We would have been happy if we had been reminded of the weaknesses. NELTA President Mr. Gautam only said, “There were some weaknesses but the conference was far better than the one we first conducted in Kathmandu.” Senior vice-chair Mr. Laxman Gnawali said, “The Surkhet event proved that we can conduct NELTA international conference even outside the capital.” General secretary Mr. Hemant Dahal expressed his satisfaction for his coordination in making the quick decision to conduct the conference at Birendranagar. Ms. Kate Miller said, “NELTA should do something for the teachers of remote areas of Nepal. Government should support for this. They should make a five year plan.” All the foreigners thanked for the management and hostility. They praised the geographical features of the valley as well.

However the conference, we are thankful to the NELTA Central Committee for its quick decision without any hesitation. As our Chair Mr. Uttam Gaulee knew that I was going to attend the central meeting after the event, he said, “Please convey my thanks to the centre for their all supports to Surkhet branch.” All the foreign delegates including Dr. Numa Markee and Neplese delegates including Prof. Dr. Tirth Khania, Prof. Dr. Jayraj Awasthi are also thankful as without their presence the event could never have been so worthy. All the trainees must be thanked as the event could not have been successful without their presence.  Donors like District Development Committee Surkhet, Surkhet Campus Education, different public and private schools are also thankful as their help made the works easier for us. And credit goes also to Surkhet Intellectual Forum (SIF) for its help in coordination. We are sure that if Surkhet or another branch gets another chance of holding such a mega event in the future, it will not leave any stone unturned.

Raju Chitrakar


NELTA Surkhet

1 thought on “Summary of Nelta Conference in Surkhet

  1. Pingback: Shyam Sharma
    1. Surkhet represented an explosion of enthusiasm, both from the very hard-working committee and from the grass roots teachers who are the ones on the front line daily doing a fantastically difficult job.
      My memories of Surkhet, the morning before the conference, a bare field and rain. A possible disaster. But no! As the day wore on, sun re-appeared, people and equipment arrived, a beautiful canopy, hundreds of chairs, pots and pans, flowers. Laughter and chatter. Maybe Uttam looked a little worried on occasions, but with the enormity of the job he had willingly undertaken, who wouldn’t look a little worried. People were happy to gather, to talk, to meet old acquaintances and make new friends. I loved the ‘on-the-hoof’ problem solving, how to make the large canopy technology friendly – it was rather too light for the slide show – to do this with everyone watching and patiently waiting took a lot of focus. The problem did get solved, and the next day alternative arrangements made. Yes, there were some grumbles, there always are at things like this, no-one can please everyone all the time. But to put together a two day conference in this remote area, with hundreds of hungry teachers, and flying in, and bussing in participants and fighting for limited hotel space, AND MAKING IT ALL WORK BRILLIANTLY, was a massive achievement for NELTA Surkhet, and this will always stand as a model for other branches who will understand the courage and tenacity needed to put on an event like this, but who know that it is possible and can happen for them too.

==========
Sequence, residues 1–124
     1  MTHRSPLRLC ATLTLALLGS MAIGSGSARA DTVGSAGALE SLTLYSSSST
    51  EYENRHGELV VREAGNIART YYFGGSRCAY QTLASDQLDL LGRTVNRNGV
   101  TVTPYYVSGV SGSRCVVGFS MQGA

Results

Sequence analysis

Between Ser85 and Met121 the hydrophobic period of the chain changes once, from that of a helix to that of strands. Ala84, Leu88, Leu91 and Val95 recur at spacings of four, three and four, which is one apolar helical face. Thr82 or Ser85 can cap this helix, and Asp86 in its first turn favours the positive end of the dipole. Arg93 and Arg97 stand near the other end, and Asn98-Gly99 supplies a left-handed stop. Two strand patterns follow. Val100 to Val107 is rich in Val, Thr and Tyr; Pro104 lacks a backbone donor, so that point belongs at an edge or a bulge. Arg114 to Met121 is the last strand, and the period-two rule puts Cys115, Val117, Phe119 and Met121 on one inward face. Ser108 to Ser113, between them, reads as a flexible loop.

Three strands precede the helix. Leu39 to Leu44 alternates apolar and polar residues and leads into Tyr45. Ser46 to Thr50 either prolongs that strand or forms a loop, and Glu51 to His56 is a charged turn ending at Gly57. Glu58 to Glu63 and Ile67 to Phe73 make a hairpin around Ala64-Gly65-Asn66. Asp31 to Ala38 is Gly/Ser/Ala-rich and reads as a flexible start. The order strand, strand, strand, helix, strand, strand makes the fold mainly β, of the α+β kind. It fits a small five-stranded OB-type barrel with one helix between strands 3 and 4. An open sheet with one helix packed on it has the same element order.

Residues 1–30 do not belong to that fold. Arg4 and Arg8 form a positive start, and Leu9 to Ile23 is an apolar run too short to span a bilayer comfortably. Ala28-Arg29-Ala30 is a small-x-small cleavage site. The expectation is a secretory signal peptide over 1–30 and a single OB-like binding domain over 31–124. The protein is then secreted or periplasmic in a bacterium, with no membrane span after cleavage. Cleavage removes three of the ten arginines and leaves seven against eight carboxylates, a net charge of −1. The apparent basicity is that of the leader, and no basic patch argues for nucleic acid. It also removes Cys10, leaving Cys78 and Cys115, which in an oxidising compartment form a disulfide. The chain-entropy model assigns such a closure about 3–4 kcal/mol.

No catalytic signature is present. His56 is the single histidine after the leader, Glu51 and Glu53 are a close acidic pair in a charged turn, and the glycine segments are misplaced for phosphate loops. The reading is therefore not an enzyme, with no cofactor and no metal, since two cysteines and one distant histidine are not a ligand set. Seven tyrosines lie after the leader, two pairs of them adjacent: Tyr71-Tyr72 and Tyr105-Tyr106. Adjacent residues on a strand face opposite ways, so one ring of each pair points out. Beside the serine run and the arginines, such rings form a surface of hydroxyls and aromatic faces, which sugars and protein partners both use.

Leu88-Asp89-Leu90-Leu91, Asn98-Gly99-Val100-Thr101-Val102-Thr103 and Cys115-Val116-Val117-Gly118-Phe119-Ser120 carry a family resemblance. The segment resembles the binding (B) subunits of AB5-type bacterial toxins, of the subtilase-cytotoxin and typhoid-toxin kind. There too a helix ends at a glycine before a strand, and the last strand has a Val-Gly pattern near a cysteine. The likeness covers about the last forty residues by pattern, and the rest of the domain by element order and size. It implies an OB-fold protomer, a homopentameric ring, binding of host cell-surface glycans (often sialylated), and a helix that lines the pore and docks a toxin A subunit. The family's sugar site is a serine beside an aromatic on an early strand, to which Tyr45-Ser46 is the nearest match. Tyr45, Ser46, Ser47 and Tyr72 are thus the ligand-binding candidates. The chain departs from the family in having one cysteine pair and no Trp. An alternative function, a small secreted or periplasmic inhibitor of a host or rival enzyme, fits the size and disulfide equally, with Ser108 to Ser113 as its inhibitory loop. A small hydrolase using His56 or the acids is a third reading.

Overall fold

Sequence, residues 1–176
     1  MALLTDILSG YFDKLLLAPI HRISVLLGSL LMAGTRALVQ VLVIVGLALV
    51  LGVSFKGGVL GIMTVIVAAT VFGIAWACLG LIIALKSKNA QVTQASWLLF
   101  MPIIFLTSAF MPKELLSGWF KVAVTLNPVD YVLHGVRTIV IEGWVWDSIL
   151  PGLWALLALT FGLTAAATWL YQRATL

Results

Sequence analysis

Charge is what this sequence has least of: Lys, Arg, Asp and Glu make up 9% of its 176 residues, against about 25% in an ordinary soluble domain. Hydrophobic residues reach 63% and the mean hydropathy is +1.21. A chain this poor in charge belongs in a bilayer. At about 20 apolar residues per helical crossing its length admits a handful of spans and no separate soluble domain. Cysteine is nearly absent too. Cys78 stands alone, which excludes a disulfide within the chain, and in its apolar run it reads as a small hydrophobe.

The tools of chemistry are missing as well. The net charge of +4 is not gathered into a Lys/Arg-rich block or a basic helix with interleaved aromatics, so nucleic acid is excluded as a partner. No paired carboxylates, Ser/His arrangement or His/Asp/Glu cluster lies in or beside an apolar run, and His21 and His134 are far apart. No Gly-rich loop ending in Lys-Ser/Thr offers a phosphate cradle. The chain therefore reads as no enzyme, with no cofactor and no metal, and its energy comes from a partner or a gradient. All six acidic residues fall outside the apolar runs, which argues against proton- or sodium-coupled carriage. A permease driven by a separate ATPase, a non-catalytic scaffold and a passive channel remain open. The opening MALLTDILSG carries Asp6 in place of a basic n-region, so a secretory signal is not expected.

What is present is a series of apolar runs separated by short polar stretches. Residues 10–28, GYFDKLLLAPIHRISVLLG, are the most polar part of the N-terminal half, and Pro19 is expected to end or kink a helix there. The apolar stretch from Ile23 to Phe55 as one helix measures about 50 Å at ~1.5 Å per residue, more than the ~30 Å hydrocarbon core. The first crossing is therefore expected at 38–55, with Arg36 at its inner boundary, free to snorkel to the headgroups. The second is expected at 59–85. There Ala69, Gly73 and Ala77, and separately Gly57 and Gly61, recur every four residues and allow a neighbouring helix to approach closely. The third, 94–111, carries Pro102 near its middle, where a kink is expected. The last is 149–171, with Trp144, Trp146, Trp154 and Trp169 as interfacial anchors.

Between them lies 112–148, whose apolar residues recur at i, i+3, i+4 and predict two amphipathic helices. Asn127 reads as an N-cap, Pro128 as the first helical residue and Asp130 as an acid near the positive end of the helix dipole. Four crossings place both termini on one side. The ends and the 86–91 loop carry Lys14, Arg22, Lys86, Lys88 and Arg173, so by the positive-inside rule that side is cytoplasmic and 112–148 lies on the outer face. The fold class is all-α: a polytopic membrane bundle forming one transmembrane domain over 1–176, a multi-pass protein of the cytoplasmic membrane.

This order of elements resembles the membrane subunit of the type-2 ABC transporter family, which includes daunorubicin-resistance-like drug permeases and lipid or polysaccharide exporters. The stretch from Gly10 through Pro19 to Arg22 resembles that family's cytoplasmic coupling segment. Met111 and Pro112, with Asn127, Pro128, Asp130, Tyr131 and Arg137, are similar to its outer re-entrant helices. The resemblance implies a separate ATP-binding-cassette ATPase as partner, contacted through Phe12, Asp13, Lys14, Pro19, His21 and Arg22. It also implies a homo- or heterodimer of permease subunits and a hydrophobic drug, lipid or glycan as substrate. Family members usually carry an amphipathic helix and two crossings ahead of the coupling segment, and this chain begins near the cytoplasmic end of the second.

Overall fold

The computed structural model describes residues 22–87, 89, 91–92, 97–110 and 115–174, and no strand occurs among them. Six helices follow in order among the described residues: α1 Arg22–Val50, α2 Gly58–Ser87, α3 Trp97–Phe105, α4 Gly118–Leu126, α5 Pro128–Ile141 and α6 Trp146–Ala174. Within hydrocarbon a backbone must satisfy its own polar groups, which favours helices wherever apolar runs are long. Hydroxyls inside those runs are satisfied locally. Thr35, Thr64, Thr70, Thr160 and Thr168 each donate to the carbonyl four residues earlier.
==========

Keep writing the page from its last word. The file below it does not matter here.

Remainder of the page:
During the conference and the TOT, (and from emails I have received since), I was overwhelmed by the many teachers who want to learn so many things. Not just individuals, but organisations, who are desperate to upgrade their knowledge of ELT and their practice in their schools. One government school told me they have good premises and resources (which they do), and they want to develop not only quality teaching, but English medium quality teaching. Their question? How do we do this? What a question! This is the crest of a wave that has been emerging over the last few years. There is no way the needs of teachers can be ignored. The Surkhet conference gave the teachers in mid- and far-West the awareness that they are part of a global happening, that there is a different way to work, which is not only fruitful but essential, and they quite understandably want to be part of this. This is a huge job, not a job for only a few enthusiastic volunteers, but a job that needs to be made systematic and imperative. The energy of the Surkhet conference cannot be allowed to lapse because of inability to follow-up. The task is how to work with hundreds of teachers who now want to know more, and want to know NOW! We have a collective responsibility as we have opened Pandora’s box. It is like showing a child a plate of sweets and telling them they cannot have them, they can only look. And this will escalate after the next conference, and the next. We do not need to think about will we be ready then – are we ready now?